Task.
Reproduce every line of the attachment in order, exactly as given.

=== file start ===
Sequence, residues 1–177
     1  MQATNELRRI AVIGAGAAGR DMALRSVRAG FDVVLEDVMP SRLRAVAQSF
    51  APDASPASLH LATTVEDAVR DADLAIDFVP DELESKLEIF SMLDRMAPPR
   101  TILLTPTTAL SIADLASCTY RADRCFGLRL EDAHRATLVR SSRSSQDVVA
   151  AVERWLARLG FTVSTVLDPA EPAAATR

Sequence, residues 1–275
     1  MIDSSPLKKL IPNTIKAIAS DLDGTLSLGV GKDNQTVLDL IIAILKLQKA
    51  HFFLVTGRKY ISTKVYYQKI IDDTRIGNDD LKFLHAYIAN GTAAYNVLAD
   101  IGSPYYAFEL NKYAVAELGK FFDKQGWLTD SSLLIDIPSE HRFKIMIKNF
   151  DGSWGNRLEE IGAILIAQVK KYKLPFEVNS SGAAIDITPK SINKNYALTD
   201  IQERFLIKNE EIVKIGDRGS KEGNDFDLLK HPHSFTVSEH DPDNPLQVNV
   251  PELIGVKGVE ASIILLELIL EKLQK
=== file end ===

Sequence, residues 1–177
     1  MQATNELRRI AVIGAGAAGR DMALRSVRAG FDVVLEDVMP SRLRAVAQSF
    51  APDASPASLH LATTVEDAVR DADLAIDFVP DELESKLEIF SMLDRMAPPR
   101  TILLTPTTAL SIADLASCTY RADRCFGLRL EDAHRATLVR SSRSSQDVVA
   151  AVERWLARLG FTVSTVLDPA EPAAATR

Sequence, residues 1–275
     1  MIDSSPLKKL IPNTIKAIAS DLDGTLSLGV GKDNQTVLDL IIAILKLQKA
    51  HFFLVTGRKY ISTKVYYQKI IDDTRIGNDD LKFLHAYIAN GTAAYNVLAD
   101  IGSPYYAFEL NKYAVAELGK FFDKQGWLTD SSLLIDIPSE HRFKIMIKNF
   151  DGSWGNRLEE IGAILIAQVK KYKLPFEVNS SGAAIDITPK SINKNYALTD
   201  IQERFLIKNE EIVKIGDRGS KEGNDFDLLK HPHSFTVSEH DPDNPLQVNV
   251  PELIGVKGVE ASIILLELIL EKLQK